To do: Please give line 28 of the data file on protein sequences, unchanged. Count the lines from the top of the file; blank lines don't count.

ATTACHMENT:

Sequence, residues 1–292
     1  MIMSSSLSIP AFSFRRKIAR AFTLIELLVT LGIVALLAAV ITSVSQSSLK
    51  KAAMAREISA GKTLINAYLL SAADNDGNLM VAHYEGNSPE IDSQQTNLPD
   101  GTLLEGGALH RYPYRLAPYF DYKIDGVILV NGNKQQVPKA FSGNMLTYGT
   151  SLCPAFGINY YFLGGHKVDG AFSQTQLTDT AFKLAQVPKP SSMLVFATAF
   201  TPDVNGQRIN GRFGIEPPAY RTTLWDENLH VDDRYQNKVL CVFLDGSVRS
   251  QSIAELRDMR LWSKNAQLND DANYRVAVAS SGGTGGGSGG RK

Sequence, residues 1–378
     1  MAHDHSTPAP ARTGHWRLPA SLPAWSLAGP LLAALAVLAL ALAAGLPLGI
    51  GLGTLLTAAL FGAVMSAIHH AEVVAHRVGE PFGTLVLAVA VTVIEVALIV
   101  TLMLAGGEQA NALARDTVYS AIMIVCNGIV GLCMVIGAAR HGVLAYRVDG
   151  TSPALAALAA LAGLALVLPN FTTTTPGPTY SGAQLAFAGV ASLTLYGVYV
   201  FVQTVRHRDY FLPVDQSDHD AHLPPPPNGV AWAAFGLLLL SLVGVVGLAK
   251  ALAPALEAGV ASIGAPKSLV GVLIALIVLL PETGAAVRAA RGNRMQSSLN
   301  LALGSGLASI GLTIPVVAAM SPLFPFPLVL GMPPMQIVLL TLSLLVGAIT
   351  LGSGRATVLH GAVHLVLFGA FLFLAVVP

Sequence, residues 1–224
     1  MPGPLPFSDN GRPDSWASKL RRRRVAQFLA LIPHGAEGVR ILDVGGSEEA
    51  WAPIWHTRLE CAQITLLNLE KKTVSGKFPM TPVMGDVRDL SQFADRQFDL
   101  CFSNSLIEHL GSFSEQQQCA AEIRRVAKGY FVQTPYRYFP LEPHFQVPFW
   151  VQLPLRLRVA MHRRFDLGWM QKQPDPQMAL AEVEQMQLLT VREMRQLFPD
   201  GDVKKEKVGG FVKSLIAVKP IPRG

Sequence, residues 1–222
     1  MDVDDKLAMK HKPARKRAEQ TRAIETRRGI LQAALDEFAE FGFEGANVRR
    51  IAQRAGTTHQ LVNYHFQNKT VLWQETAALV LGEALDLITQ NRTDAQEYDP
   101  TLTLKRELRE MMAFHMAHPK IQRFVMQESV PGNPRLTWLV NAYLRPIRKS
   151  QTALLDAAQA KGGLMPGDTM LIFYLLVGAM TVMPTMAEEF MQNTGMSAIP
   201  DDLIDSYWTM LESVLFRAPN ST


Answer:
   201  DDLIDSYWTM LESVLFRAPN ST